Only 9% of economists say the housing decline ended in 2006, according to a USA TODAY survey of 55 economists taken Jan. 18-24. Another 42% said the downturn will end in the first half of the year, and 45% said housing will bottom out in the second half.
"This is one of those hot-button issues," says Christopher Rupkey, chief financial economist at Bank of Tokyo-Mitsubishi. He estimates the downturn ended last year. "I don't know why people are so pessimistic."
When housing bottoms out is key for the economy. Thus far, the fallout has been small. The economy grew at a faster pace in 2006 than in 2005 even though sales of previously owned homes fell 8.2%, the biggest drop in 17 years, the National Association of Realtors says.
But the economy may not be able to shrug off further declines, A.G. Edwards & Sons chief economist Gary Thayer says. Lower energy prices and a strong job market have thus far helped consumers weather the housing downturn. But going forward, those two factors may not be big enough to offset further weakening, Thayer says.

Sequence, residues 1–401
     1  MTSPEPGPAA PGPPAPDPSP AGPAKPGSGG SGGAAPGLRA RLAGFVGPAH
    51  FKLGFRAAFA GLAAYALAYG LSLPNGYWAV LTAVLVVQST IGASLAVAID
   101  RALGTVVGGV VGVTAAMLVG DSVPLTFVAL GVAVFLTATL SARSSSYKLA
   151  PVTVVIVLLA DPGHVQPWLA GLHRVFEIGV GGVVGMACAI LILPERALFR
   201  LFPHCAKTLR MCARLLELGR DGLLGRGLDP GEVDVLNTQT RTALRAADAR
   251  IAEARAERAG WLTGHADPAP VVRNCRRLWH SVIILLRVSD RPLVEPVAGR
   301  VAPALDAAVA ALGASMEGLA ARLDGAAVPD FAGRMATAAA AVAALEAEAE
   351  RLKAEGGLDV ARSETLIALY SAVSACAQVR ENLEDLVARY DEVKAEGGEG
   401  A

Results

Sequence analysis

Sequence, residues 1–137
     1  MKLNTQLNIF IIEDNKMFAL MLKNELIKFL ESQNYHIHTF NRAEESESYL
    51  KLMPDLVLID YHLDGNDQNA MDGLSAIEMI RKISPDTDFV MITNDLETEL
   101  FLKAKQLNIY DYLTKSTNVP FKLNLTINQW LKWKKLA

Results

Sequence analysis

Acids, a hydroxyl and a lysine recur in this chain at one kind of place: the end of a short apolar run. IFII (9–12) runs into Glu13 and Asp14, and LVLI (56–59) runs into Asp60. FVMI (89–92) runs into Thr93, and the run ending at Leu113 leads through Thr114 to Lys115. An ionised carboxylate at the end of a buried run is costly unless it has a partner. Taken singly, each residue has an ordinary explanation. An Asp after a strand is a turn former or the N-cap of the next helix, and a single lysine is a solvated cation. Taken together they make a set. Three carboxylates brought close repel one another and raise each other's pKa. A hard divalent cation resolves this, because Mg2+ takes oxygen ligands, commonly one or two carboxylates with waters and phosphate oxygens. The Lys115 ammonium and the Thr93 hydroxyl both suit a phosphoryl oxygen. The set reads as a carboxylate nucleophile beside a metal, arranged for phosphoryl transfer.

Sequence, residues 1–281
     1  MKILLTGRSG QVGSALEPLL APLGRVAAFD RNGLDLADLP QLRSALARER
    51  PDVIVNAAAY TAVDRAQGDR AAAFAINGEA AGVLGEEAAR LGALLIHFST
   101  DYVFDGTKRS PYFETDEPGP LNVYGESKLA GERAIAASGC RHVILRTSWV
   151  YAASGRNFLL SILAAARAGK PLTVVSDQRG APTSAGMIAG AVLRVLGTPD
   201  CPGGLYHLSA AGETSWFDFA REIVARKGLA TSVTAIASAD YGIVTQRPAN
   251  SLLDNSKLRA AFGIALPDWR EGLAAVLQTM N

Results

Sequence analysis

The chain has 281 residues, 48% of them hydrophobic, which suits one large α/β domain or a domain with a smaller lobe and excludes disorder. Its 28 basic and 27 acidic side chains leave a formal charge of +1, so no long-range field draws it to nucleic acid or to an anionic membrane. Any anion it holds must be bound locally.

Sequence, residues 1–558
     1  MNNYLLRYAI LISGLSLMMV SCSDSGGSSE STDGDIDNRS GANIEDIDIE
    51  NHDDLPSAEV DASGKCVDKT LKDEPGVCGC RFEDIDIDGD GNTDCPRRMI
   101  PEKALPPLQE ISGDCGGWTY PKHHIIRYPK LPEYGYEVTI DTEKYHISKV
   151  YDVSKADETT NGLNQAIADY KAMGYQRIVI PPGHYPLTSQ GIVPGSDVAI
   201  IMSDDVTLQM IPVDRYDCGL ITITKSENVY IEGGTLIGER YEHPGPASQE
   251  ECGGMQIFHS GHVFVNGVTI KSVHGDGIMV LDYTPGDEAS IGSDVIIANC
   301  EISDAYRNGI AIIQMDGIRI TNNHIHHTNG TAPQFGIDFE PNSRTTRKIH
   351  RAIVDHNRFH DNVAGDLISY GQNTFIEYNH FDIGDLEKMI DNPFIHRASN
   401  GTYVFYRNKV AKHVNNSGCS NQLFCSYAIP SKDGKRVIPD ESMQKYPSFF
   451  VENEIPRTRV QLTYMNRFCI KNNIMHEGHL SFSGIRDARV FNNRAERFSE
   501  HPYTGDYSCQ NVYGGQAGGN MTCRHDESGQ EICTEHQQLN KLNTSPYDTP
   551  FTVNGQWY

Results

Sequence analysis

"Seeing things stabilize and hearing reports that housing is stabilizing is good for consumer confidence," he says.
The NAR's index of pending home sales, which is adjusted for seasonal variations, rose in December at the fastest pace since March 2004. The level of unsold homes on the market appeared to have peaked in July, the group says.
But Wachovia senior economist Mark Vitner says although recent housing data have been upbeat, they have been skewed by warmer-than-usual weather.
"That brought out a few more buyers and allowed for more building in the Northeast," he says. Vitner says the warm weather "pulled sales forward." Come spring, housing activity will be slower than normal, he says.
"I haven't met a home builder yet who thinks things have bottomed out," he says.
Economist Tucker Hart Adams says the housing market won't stabilize in 2007. The combination of resetting adjustable-rate mortgages, homeowners unable to keep up with payments on so-called exotic mortgages such as interest-only loans, and other debt will lead to higher foreclosure rates and more homes on the market, she says. "It's really optimistic to think that it just took a little adjustment and everything is fine," she says. "It's one time I would like to be wrong."
Contributing: Barbara Hansen, Noelle Knox